BUFFALO, N.Y. -- St. Louis was represented in a major way during the first round of the NHL Draft on Friday, as five players who grew up in the area and played for the St. Louis AAA Blues youth hockey club were selected. During a week in which the NHL expanded into Las Vegas, the draft had an international flavor to it with a record 12 Americans selected in the first round, besting the old mark of 11 in 2010.
Forward Matthew Tkachuk, the son of former Blues winger Keith Tkachuk, was taken sixth overall by the Calgary Flames. The Coyotes also had the seventh pick, with which they drafted center Clayton Keller, another AAA Blues alum.
With the 11th pick, the Ottawa Senators selected St. Louis-bred forward Logan Brown, the son of former Blues defenseman Jeff Brown. The Minnesota Wild took center Luke Kunin with the 15th pick, and the Boston Bruins wrapped up the St. Louis selections by taking forward Trent Frederic with pick 29.
Once the "Go Leafs, Go!" chants subsided after Toronto selected Arizona-born center Auston Matthews with the first pick in the draft, the Finns began their march to the podium.
Three players from Finland were selected among the top five picks, the most by the northern European nation.
"They've got a good thing going on there," Canucks President Trevor Linden said after Vancouver rounded out the run of Finns by selecting defenseman Oli Juolevi with the fifth pick. The Winnipeg Jets selected forward Patrik Laine second, and Edmonton took forward Jesse Puljujarvi at No. 4.
During a week in which the NHL expanded into Las Vegas, the draft had an international flavor to it with a record 12 Americans selected in the first round, besting the old mark of 11 in 2010.
It began with the 18-year-old Matthews who became the seventh American-born player to be selected No. 1, and first since the Chicago Blackhawks chose Patrick Kane with the top pick in 2007.
"My heart was beating. It was very nerve-wracking," Matthews said, noting the Maple Leafs had not tipped their hand on who they were going to select since winning the NHL draft lottery in April. "Once they called my name, it was definitely a sigh of relief and a lot of excitement."
Matthews, who grew up a Coyotes fan in Scottsdale, Arizona, was expected to be selected first.
NHL Central Scouting ranked the 6-foot-2, 210-pound play-maker as its top draft-eligible project, and he's also a natural center, a top-line position that's difficult to fill. Matthews already has pro experience after spending last season with Zurich in the Swiss Elite League.
For Toronto, Matthews represents a significant piece in general manager Lou Lamoriello's extensive rebuilding plans to restore relevance to one of the league's most high-profile franchises. The Maple Leafs have missed the playoffs in 10 of the past 11 years, and spent last season purging high-priced contracts and veteran talent with a focus on rebuilding through youth.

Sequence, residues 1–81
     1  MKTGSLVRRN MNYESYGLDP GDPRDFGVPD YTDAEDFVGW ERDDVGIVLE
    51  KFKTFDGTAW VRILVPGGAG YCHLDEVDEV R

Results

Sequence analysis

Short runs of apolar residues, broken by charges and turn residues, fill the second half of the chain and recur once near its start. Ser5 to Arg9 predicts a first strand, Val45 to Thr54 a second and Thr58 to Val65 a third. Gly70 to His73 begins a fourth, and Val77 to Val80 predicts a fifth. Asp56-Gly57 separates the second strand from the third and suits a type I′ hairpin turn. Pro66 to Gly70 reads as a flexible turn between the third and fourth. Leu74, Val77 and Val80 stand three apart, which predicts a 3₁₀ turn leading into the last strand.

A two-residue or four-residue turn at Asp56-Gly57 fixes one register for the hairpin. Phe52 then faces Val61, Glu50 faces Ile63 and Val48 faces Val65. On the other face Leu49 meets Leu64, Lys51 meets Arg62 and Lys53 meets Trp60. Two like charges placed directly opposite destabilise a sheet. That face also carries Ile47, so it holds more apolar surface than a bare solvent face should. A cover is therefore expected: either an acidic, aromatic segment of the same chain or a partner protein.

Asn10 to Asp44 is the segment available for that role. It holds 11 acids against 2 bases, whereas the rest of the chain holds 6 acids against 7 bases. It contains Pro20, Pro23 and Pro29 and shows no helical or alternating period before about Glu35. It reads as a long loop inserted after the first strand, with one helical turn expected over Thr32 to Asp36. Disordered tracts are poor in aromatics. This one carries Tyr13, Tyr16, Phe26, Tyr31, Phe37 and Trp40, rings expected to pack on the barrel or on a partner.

"He's an elite player with an elite drive train," Toronto coach Mike Babcock said. "He's going to make us better, and he'll develop into a top, top center in the National Hockey League."
Upcoming free agency also loomed over the draft.
Lightning general manager Steve Yzerman provided few updates regarding contract talks Steve Stamkos, while saying he'd prefer signing and trading the captain than lose him for nothing.
The Lightning have leverage to do so. Under NHL rules they're the only team that can offer Stamkos an eight-year contract, while others are limited to seven years.
Starting Saturday, pending unrestricted free agents such as Stamkos are allowed to speak with all teams, but can't sign a contract until July 1.
The Detroit Red Wings gained relief under the salary cap by trading the contract of veteran star Pavel Datsyuk, who is leaving Detroit to play in Russia next season. Detroit freed up $7.5 million in cap space by dealing Datsyuk to Arizona. The teams swapped first-round picks, with the Coyotes moving up four spots to No. 16, where they selected defenseman Jakob Chychrun.
Starting with Columbus selecting Pierre-Luc Dubois at No. 3, only three Canadian-born players were taken among the top 10 picks. That matches last year's total, which was the fewest for Canada in the draft.
Finland had four players selected in the first round, with center Henrik Borgstrom taken 23rd by Florida.
The number of first-round selections reflected how the Finns have begun to dominate on the world stage.
Finland won the 2015 world championship and the 2016 world junior championships, and lost to Canada in the world championship final last month.
"It's a huge thing for our country, ourselves and the players," Laine said. "I think it shows to everybody that we have good juniors, and we can be good at those tournaments and we can get drafted high."
Laine, regarded as a pure goal-scorer, has the opportunity to follow in the footsteps of fellow countryman, Teemu Selanne, who began his career in Winnipeg in 1992.
Montreal completed two trades. The Canadiens dealt forward Lars Eller to Washington for the Capitals' second-round draft picks in 2017 and '18. The Canadiens then acquired forward Andrew Shaw from the Blackhawks for two second-round picks. Montreal sent the 39th and 45th picks to cap-strapped Chicago for the pending restricted free agent.
The loudest cheers were reserved for the Sabres, and began when owner Terry Pegula took the stage to welcome everyone to Buffalo.
Another roar went up when Buffalo used the eighth pick to select forward Alexander Nylander. His father, Michael was a 15-year NHL veteran, and his brother William plays for the Maple Leafs.
Before the draft began, Bettman announced that the league's annual pre-draft rookie combine will return to Buffalo for a third consecutive year.
Rounds 2-7 will be held Saturday.